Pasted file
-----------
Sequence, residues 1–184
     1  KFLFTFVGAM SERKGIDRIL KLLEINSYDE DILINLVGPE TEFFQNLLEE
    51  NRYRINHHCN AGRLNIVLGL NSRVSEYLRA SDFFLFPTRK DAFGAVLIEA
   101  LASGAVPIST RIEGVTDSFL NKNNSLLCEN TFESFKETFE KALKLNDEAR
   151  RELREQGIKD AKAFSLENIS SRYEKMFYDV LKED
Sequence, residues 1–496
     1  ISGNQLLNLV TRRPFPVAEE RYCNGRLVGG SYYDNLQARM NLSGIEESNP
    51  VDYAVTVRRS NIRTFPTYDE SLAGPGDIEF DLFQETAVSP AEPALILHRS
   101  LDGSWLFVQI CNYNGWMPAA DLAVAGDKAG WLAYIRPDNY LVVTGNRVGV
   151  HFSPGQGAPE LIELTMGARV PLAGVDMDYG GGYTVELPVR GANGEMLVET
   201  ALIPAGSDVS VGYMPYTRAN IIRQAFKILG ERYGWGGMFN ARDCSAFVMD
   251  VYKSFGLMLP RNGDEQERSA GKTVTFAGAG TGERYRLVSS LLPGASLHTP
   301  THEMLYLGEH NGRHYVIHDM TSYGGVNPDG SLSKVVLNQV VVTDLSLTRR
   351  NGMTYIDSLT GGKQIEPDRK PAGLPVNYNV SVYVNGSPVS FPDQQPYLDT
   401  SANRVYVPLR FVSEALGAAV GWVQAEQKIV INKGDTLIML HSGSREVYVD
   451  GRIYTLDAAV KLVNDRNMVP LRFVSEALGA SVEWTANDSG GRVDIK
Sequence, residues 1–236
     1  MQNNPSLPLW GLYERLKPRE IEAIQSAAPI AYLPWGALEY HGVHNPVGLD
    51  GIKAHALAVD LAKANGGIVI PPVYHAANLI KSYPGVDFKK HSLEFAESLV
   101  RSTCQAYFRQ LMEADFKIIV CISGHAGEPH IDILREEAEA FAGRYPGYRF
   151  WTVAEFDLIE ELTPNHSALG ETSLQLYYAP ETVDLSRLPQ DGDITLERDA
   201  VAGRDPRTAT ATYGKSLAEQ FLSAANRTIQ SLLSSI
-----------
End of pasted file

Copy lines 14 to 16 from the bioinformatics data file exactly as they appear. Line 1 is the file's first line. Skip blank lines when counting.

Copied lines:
   351  NGMTYIDSLT GGKQIEPDRK PAGLPVNYNV SVYVNGSPVS FPDQQPYLDT
   401  SANRVYVPLR FVSEALGAAV GWVQAEQKIV INKGDTLIML HSGSREVYVD
   451  GRIYTLDAAV KLVNDRNMVP LRFVSEALGA SVEWTANDSG GRVDIK